Waiting (And Hoping) For A Bottom In Global Equity Markets

For most equity strategies diversified across global markets, this year’s results will be painful. Short of a dramatic run higher between now and the end of 2022, red ink will prevail. But when losses dominate, it’s time to start looking for bargains.

The longer your investment horizon, the more confidence you can muster that the losses year to date imply relatively attractive return expectations. But the analysis is especially tricky at the moment as several risk factors dominate the outlook, including the war in Ukraine, elevated inflation, rising interest rates and signs that recession is near.

Baron Rothschild famously advised that “the time to buy is when there’s blood in the streets.” By that measure, markets arguably offer an opportunity to go risk-on at a point of maximum pessimism. Reviewing year-to-date results for the world’s equity regions, through a set of proxy ETFs, certainly paint a grim profile.

With the exception of shares in Latin America (ILF), the main slices of world stocks are deep in the red in 2022, ranging from a relatively mild 14.6% haircut for stocks in Africa (AFK) to a devastating 71.0% crash in eastern European markets (CEE).

The world benchmark, based on Vanguard Total World Stock Index Fund (VT), is in the hole by 16.5% so far this year. The good news: VT has rallied in recent weeks, inspiring hope that the worst has passed.

No one can reliably call bottoms (or tops) in real time and so mere mortals are once again left to decide if we’re at an opportune point to start rebalancing in favor of higher equity risk. There’s a case for shifting to a risk-on posture, if only partially, on the assumption that that the losses so far in 2022 have materially boosted the long-run expected return for stocks.

The caveat is that the trend still looks bearish. Using VT as a yardstick, the latest rally has lifted the fund to just below its 200-day moving average. Encouraging, but until VT moves decisively higher, and holds its position, the latest bounce looks like one more bear-market rally.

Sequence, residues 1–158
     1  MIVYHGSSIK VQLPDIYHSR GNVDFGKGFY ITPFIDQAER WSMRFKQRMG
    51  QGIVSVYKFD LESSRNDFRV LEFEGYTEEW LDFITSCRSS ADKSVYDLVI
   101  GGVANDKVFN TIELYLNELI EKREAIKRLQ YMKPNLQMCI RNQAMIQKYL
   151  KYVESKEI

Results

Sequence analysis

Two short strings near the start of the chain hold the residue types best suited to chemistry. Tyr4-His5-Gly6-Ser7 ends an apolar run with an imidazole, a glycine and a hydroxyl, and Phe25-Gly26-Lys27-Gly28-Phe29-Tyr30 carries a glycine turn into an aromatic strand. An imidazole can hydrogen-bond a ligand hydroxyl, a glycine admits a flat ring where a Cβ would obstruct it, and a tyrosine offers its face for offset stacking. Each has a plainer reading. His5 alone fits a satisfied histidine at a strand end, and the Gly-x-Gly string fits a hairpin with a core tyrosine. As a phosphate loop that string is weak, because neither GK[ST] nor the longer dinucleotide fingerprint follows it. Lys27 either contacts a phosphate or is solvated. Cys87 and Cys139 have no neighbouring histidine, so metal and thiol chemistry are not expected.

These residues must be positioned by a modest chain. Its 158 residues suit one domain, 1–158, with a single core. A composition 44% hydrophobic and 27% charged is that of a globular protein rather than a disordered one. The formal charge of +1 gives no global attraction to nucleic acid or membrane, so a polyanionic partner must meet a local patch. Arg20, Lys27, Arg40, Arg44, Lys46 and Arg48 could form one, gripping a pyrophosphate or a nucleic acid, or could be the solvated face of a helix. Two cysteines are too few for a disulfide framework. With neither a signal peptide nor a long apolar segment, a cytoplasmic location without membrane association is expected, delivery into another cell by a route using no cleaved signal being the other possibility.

The big-picture question for investors is deciding if they’re more comfortable being early or late for the next bull market. Either way you’re going to suffer an opportunity cost. A third option is to diversify the risk-on trades through time, redeploying capital in stocks at regular intervals and thereby mitigating the losses from timing errors that surely lie in wait for most investors. On that basis, nibbling at markets now is appealing.

Using a set of moving averages to monitor trending conditions for all the funds listed above suggests the recent wave of selling was excessive. That’s no assurance that we’ll avoid even lower lows. But after a year of sharp losses, it’s reasonable to start throwing some money at equity markets.

Bearish news will likely continue to weigh on sentiment for the near term, and perhaps longer. But markets are always pricing in the future. That’s always a messy affair, and this time is no different. This may be one more false dawn, but at some point a genuine bottom will arrive. There’s nothing wrong with waiting for confirmation that the bear market has ended, but for investors with a relatively high tolerance for risk the current climate looks intriguing.

A key factor is deciding if the Federal Reserve’s close to pivoting on interest-rate hikes. On that point the crowd is looking for fresh clues in today’s speech by Fed Chairman Jerome Powell. Expectations are high that he’ll hint that policy tightening will begin to ease. Hope springs eternal, again.

“This is a Fed-made recession, so eventually when he does pivot, the market should move higher pretty quickly,” says Steve Grasso, CEO of Grasso Global.

Learn To Use R For Portfolio Analysis
Quantitative Investment Portfolio Analytics In R:
An Introduction To R For Modeling Portfolio Risk and Return

By James Picerno